Yesterday, The Nation reported that the National Security Agency (NSA) is intercepting and monitoring communications between lawyers and their clients.
Lest the readers of the Legal Ethics Forum be alarmed by that news, be assured that the NSA takes special precautions when it monitors some lawyer-client communications.
According to a partially declassified document, under certain circumstances, when the NSA realizes that the communication it is monitoring is between a lawyer and a client, it will:
- cease monitoring that communication,
- preserve the “foreign intelligence information contained” in the communication,
- segregate the “portion of the communication containing that conversation,” and
- notify the Justice Department “so that appropriate procedures may be established to protect such communications from review or use in any criminal prosecution.” (emphasis added)
These precautions –- called “minimization” procedures -- should not give much comfort to lawyers or clients who are concerned that the government may be listening in on their conversations.
Even where the government has used these precautions, the government appears to believe that it can use intercepted lawyer-client communications in a non-criminal proceeding, such as designating a group as a foreign terrorist organization. (Recall the al Haramain case, where the government inadvertently disclosed the fact that it had conducted warrantless surveillance of conversations between the Al Haramain Foundation and its lawyers, as discussed here.)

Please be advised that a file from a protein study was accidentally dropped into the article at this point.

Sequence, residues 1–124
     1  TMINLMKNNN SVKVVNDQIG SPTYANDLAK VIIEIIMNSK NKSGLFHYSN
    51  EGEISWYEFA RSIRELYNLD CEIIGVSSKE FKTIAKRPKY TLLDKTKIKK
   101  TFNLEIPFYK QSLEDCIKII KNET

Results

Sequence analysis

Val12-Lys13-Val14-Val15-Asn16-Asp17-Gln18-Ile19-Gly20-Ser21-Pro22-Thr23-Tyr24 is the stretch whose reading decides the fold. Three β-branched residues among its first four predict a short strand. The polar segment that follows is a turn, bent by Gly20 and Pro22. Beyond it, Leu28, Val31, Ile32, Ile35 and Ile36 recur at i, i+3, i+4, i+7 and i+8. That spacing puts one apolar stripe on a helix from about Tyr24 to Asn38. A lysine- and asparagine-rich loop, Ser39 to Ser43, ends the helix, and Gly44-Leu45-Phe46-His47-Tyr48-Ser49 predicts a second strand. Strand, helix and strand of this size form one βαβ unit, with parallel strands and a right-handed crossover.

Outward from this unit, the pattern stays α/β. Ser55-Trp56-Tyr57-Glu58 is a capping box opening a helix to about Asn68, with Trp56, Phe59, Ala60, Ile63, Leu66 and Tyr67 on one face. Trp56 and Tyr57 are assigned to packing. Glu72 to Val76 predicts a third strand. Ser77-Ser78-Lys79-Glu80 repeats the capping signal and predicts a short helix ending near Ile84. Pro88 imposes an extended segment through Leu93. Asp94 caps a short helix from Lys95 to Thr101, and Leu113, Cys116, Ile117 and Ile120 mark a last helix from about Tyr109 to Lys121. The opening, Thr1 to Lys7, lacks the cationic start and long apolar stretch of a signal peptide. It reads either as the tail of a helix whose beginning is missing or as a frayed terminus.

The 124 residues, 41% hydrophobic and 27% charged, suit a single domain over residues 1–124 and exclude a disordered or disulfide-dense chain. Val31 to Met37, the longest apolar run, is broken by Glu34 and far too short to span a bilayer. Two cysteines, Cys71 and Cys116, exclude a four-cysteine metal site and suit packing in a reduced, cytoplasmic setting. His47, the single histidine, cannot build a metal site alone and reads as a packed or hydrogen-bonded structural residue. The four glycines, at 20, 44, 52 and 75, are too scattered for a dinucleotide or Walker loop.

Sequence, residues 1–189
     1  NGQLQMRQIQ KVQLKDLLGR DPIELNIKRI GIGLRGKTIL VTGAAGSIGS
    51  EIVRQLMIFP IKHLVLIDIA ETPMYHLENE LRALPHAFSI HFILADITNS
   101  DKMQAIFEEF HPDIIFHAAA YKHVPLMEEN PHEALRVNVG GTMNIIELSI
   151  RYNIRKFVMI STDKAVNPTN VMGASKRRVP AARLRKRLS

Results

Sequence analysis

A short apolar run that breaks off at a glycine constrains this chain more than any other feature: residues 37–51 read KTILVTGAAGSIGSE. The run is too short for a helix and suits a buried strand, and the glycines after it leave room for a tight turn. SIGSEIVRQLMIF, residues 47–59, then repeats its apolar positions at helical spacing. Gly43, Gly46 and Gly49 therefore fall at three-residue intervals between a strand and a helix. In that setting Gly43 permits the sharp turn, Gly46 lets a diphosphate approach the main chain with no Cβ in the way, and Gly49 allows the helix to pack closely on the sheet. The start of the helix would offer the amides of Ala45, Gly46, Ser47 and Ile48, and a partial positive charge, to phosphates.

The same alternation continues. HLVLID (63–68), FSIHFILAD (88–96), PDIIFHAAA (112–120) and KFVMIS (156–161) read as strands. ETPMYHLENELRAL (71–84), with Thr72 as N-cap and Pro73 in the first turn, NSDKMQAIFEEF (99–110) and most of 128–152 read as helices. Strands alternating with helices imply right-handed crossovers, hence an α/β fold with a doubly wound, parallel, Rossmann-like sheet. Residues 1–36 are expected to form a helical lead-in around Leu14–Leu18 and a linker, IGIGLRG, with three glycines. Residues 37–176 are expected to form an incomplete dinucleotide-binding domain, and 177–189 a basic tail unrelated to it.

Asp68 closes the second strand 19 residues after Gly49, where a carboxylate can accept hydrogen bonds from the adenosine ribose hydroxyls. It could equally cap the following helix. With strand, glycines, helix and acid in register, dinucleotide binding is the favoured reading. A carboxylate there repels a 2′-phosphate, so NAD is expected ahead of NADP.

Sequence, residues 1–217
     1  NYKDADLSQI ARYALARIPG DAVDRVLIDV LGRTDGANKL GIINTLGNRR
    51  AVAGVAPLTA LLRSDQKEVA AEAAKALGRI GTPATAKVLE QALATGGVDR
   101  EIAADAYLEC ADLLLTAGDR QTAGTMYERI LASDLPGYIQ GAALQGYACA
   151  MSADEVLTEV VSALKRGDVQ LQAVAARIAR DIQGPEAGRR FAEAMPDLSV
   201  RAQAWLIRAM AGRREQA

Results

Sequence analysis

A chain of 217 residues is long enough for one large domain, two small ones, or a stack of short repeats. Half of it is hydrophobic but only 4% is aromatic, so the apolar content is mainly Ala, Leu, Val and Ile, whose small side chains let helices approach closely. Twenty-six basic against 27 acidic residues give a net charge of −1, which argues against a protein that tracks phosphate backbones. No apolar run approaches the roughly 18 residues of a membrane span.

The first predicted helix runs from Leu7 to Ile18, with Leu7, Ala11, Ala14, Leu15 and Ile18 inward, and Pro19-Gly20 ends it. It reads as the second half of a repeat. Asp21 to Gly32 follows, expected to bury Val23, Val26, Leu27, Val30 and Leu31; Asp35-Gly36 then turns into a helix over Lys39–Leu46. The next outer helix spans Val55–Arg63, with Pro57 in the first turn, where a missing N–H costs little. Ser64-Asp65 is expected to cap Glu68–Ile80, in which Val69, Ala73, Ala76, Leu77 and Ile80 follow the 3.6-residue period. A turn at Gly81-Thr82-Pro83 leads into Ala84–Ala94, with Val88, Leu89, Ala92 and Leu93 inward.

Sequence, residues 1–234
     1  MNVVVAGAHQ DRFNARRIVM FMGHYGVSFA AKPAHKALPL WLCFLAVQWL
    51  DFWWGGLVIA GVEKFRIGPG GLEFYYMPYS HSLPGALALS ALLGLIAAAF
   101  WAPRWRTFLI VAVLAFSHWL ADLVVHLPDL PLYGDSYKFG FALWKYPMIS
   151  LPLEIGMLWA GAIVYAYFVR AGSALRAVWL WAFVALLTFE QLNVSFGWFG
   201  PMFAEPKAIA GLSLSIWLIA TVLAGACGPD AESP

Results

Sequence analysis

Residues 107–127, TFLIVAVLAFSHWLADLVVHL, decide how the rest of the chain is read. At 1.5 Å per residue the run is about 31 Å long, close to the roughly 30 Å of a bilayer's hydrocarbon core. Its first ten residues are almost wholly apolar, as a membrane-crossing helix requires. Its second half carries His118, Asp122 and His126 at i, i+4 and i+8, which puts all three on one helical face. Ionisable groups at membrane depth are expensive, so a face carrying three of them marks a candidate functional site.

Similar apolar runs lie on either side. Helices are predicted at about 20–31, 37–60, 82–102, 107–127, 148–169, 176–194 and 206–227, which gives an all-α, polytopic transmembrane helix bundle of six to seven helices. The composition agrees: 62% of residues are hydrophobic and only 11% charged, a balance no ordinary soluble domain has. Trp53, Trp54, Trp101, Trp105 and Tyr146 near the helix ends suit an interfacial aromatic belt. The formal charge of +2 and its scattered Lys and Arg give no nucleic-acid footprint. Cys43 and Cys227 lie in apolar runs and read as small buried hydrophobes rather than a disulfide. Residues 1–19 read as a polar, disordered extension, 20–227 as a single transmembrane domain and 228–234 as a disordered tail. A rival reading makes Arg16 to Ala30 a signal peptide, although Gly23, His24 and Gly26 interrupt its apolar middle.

Nor would these “minimization” procedures prevent the government from intercepting lawyer-client communications and using that information to block lawsuits stemming from illegal rendition and torture, or even habeas petitions by Guantanamo prisoners. (Recall that the Center for Constitutional Rights raised these concerns in its lawsuit objecting to warrantless surveillance, as described here.)
More important, even this minimal level of protection does not apply to most lawyer-client communications at all. Instead, it only applies where the client has already been indicted, the NSA is aware of the indictment, and the lawyer represents the client in that criminal case.
In the title of The Nation article, the editors ask: Has the NSA Wiretapping Violated Attorney-Client Privilege?
But the real issue here is not whether the NSA has violated an evidentiary privilege. The real question is whether the NSA has violated the legal rights of clients and/or their lawyers.
A good starting point for thinking through the legal ethics aspect of that question is the scholarship of Rebecca Aviel on the distinct but related question: